So what to do about all this anger?
Well, let me share something I don’t do. I don’t “agree to disagree”. I don’t back down. I truly believe this is right for students, and, in addition to how I feel about assessment and evaluation, some aspects are non-negotiable. After all, in Ontario we work for the Ministry of Education, and assessment policy is what we are required to follow. Fortunately we use Growing Success which I have to say is one of the best assessment policy documents I have ever encountered; Growing Success emphasizes student learning and teacher informed professional judgement. I don’t love everything about it but I do believe in it and I will stand my ground. Nicely, of course. Professionally. Firmly. I don’t resort to name calling. I don’t try to literally shake some sense into them, despite my instincts to do just that. I think I have a particularly developed endurance level for marathon assessment challenges. Often I will sit with a single teacher and address challenge after challenge for 10, 20, 30, 75 minutes. One Science teacher I worked with came back to me on four different occasions to challenge something I had shared, and each time I heard him out and responded calmly and with evidence and honesty. And then he said, finally, “I think I’m okay now. I’m going to try it out.” Battling passion with passion can lead to great understanding.
That brings me to my next suggestion: be honest. I really do not have all the answers. And sometimes I don’t know if something will work in a certain way with a teacher or subject area or in that school at that time. I often have to say “I don’t know. But I can ask!” And I share my personal stories of what assessment looked like in my classroom with my students and when I failed at things I tried to do. That helps, too.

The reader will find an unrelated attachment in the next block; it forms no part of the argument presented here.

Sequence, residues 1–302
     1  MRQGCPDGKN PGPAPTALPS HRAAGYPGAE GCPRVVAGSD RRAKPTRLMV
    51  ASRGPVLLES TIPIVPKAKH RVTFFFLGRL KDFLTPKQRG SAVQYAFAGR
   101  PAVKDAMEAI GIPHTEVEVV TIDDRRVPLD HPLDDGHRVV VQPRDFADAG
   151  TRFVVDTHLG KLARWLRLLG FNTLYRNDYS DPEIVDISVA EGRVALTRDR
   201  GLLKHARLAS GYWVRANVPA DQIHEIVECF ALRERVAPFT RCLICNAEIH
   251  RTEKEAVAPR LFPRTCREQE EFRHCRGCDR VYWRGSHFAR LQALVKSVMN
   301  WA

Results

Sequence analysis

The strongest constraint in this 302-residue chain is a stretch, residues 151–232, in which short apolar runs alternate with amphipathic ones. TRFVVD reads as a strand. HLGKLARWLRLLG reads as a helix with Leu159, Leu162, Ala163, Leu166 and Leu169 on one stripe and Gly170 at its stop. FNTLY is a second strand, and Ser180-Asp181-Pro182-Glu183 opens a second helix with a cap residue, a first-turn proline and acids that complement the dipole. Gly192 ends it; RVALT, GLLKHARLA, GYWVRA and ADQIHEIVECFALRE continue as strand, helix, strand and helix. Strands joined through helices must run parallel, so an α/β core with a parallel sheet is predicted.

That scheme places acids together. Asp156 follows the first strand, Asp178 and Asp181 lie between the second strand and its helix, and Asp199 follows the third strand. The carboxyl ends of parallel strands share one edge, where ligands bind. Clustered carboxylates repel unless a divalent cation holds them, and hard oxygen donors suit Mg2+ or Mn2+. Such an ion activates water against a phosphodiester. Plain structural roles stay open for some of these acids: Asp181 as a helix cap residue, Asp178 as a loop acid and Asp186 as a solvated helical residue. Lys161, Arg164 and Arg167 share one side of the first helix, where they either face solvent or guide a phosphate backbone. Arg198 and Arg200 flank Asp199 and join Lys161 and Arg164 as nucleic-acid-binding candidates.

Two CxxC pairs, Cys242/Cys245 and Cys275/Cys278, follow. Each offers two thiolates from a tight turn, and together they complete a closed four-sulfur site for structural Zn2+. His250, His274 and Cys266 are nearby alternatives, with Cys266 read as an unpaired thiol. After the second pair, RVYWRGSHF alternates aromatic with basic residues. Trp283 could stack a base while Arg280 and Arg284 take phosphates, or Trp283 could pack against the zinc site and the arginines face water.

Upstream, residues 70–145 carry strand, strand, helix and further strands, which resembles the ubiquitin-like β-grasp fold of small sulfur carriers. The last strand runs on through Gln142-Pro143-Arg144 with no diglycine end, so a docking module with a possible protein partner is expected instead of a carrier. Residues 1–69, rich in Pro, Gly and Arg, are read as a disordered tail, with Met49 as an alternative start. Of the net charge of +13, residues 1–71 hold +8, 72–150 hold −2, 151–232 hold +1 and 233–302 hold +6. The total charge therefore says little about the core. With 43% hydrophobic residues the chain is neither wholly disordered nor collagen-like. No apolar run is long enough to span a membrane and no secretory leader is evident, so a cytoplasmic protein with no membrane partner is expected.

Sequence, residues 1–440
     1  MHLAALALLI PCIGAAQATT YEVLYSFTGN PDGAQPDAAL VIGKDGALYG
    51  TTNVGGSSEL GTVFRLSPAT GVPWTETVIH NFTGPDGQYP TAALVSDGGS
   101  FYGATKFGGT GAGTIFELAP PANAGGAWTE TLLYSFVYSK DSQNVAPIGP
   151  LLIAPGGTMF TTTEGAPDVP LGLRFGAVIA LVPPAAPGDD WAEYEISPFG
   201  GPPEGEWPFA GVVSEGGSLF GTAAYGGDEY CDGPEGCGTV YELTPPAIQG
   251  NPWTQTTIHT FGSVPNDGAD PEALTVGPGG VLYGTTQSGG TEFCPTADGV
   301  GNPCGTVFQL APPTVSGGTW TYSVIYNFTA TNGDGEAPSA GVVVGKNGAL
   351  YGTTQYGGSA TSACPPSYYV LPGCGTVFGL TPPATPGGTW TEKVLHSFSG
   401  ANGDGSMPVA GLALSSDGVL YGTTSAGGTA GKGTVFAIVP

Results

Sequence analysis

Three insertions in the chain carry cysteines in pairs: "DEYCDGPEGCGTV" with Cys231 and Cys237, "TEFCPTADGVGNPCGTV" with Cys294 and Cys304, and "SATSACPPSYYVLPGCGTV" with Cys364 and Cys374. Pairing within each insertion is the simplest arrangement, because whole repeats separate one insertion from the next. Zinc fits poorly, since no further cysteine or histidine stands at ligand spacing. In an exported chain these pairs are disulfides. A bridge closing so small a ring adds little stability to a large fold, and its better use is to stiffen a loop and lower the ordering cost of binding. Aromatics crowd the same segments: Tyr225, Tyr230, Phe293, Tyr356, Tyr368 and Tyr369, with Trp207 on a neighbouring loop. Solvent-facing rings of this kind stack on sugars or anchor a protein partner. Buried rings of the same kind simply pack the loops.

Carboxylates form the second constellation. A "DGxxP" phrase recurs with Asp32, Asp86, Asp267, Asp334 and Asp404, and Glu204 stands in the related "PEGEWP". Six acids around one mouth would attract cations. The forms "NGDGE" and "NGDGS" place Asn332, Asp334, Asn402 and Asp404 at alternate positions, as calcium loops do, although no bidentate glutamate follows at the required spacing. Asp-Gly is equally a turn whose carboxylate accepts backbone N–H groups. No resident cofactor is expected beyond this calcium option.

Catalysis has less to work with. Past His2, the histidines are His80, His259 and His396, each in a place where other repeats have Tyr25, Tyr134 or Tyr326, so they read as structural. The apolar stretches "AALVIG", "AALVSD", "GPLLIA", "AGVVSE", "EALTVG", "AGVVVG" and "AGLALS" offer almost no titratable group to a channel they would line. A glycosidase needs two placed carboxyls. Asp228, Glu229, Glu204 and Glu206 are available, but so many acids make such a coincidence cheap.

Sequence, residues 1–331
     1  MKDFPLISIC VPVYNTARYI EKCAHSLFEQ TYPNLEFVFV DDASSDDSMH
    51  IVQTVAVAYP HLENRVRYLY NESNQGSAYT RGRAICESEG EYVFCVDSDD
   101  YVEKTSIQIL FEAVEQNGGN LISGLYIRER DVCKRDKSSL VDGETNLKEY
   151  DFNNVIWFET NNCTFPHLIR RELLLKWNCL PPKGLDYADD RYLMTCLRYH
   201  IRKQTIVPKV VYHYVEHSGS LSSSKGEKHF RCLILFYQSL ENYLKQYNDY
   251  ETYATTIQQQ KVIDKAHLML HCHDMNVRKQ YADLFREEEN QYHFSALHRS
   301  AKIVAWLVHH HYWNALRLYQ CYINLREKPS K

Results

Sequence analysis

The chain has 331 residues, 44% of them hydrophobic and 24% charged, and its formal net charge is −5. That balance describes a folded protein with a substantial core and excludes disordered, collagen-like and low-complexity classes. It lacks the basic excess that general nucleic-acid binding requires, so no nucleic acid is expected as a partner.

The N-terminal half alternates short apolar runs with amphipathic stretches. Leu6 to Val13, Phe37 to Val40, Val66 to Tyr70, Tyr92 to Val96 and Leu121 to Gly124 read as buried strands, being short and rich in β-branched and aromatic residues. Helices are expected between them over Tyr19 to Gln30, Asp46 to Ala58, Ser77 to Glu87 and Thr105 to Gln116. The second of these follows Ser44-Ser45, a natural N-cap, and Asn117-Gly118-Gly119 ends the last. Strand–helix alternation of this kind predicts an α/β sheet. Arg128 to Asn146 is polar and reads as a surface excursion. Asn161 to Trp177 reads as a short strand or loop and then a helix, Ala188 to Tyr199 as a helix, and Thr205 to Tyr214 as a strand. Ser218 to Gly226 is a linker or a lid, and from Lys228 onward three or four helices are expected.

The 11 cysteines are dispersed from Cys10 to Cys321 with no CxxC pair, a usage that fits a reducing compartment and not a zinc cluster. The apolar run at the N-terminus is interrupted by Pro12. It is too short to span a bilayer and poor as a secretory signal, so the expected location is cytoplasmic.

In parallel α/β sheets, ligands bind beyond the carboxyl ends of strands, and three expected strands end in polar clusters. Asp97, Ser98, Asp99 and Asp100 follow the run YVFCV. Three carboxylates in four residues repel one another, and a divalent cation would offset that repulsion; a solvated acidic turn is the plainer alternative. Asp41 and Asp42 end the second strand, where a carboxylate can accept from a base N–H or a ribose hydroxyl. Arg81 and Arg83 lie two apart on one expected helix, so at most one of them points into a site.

Finally, I would offer this suggestion for working with Stage Three: Anger: Focus on the thing that you already know they value- the students. Every single angry person I have encountered cared deeply and passionately about their students, and when I consistently come back to our singular purpose (to improve student learning) then we have found common ground and can move forward inch by inch. I think of it like the “home” button on your browser or in your Twitter account. When you have fallen down a rabbit hole of disagreement and are mired in the details of Achievement Charts and rubrics and assessment for learning strategies, pause and reset on the common purpose: student learning.
Do you have any tips for working with Stage Three: Anger? And have you found yourself at this stage? I certainly have been- like when the Ministry changed from the terms formative, summative and diagnostic assessment to assessment of, as and for learning. I shook my fist at the sky! And then I talked it through with someone and came to understand the why of that change (the explanation is page 30-31 of Growing Success, if my Ontario peeps are interested). And then I was okay again.
Check in soon for Stage Four:Curiosity.